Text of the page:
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No tickets issued at English Bay beach party defying COVID-19 rules

Last Updated Apr 18, 2021 at 6:13 pm PDT

(Photo by Dustin Godfrey for NEWS 1130)
Summary

Vancouver police did respond to a report of a party at English Bay, issued no tickets

Kennedy Stewart says police have 'better things to do' than enforce COVID-19-related orders, urges people to behave

Councillor Pete Fry says continued flouting of health orders could very well lead to harsher restrictions

VANCOUVER (NEWS 1130) — Vancouver’s mayor says he’s been in touch with the police chief, and the department will be “reassessing their approach to outdoor parties” held in defiance of COVID-related restrictions — like the one at English Bay Saturday.

Kennedy Stewart, in a Tweet Sunday, said he understands people are frustrated with pandemic-related restrictions and eager to enjoy the warm weather, but “now is not the time to be gathering in large groups”

Pointing out police were busy responding to a nearby homicide, Stewart says police have “better things to do” than crack down on gatherings or enforce provincial health orders.

Speaking on behalf of the Vancouver Police Department, Const. Tania Visintin says officers did respond to calls about the raucous crowd at the beach.

“We did eventually get to the party. However, the crowd had decreased, and no tickets were given at that point,” she says.

“This is all very frustrating, I know it is and one could argue that enforcing these COVID regulations or rules that Dr. Bonnie Henry has set out is important — and it is important. But we do have to prioritize our calls. Vancouver’s a big major city and with that comes a lot of police response. We have to prioritize our assaults, our domestics our mental health calls before we get to those.”

She says people should not hesitate to report instances of people flouting restrictions by calling 311 or the police non-emergency line.

“We will respond when we have the resources available, but we also need help from the public — people need to follow the rules,” she says.

“So, we’re hoping that adults can be adults and follow these rules.”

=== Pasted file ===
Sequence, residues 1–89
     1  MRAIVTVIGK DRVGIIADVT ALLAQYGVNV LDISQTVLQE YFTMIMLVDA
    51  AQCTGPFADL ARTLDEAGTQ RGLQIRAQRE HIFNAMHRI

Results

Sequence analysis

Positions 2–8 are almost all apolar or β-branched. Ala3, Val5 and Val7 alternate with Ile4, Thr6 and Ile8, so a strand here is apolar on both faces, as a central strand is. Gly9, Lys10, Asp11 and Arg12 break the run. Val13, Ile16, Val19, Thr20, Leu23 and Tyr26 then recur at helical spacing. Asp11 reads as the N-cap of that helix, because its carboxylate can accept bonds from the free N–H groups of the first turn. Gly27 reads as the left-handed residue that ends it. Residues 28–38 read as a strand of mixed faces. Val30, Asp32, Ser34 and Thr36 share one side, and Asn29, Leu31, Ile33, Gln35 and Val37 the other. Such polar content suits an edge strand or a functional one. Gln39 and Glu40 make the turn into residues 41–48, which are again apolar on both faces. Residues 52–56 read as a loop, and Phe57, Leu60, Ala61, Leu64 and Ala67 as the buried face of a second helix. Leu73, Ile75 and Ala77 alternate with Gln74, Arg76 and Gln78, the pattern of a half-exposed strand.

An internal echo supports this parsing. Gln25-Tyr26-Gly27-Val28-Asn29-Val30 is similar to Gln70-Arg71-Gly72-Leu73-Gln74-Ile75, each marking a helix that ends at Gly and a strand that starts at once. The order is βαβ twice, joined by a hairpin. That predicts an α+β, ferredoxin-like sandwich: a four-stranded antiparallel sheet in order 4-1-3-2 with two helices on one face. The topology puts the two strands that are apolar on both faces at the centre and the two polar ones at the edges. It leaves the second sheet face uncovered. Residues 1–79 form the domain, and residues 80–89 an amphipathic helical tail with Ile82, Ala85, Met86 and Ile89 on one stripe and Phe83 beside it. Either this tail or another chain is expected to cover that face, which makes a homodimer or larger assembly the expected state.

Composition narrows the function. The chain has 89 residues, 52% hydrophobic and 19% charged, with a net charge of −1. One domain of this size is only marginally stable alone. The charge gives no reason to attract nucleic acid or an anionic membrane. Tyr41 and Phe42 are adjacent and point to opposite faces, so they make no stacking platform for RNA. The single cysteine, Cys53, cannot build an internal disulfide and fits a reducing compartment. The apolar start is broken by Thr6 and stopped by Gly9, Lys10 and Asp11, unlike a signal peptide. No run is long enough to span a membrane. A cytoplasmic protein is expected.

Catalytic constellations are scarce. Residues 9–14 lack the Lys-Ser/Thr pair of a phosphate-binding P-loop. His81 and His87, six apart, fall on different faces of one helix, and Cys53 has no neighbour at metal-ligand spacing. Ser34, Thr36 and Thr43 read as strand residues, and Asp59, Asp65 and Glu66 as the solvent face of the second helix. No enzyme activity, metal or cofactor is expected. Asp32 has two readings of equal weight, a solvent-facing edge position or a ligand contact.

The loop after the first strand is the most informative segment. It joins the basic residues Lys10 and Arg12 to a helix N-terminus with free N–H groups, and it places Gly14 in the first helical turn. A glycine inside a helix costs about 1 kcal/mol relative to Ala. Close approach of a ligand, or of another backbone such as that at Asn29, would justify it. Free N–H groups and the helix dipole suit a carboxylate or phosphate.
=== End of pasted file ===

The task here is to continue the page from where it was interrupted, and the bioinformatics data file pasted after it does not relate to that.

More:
RELATED: Warm weather in Metro Vancouver causes outdoor crowding concerns

Coun. Pete Fry says these types of gatherings are “stupid and selfish” and could very well trigger the province to bring in harsher measures to curb them.

“Unfortunately, the voluntary compliance for Vancouver has apparently fallen short.,” he says. “It is going to force the hand of the provincial health authority to actually do something a little bit more assertive,” he says, adding stricter rules will likely hurt already struggling industries.

Pointing out that Vancouver’s Mayor and Council don’t set enforcement priorities for police, Fry says it makes sense to him that the force and individual officers might decide to take a hands-off approach.

“It’s not only a question of resources, it’s a question of safety. They can’t just go in and break these things up, and everyone just walks away and says, ‘Ok have a good night.’ These are complicated interventions, they have complicated outcomes and we want to make sure the police are safe, so the police are triaging what the best approach might be.”

RELATED: Vancouver Park Board commissioners urge those venturing outdoors to socially distance

Municipal bylaw officers and park rangers can’t issue fines to people who attend or organize events in contravention of provincial rules.

“City enforcement staff and park rangers actively provide education about compliance with provincial health orders at the City’s beaches, parks, bars, restaurants, and businesses offering personal services. City enforcement staff involve the VPD when dealing with people or businesses who are persistent offenders,” according to an email.

“Enforcing physical distancing in public with penalties is the jurisdiction of the Province. The VPD is the agency that enforces provincial health orders at private parties.”

Still, Fry says he plans to talk to his colleagues on council and city staff about enforcement.

“It’s certainly not unclear what’s the provincial health orders and COVID-19 protocols are, that’s not unclear. It’s a fair question about how to better enforce some of that. That’s certainly a conversation, I’ll be having when we resume next week on Monday, and asking our staff: What can we be doing differently?” he says.

“The sad part is just that we need to have that kind of response in the first place.”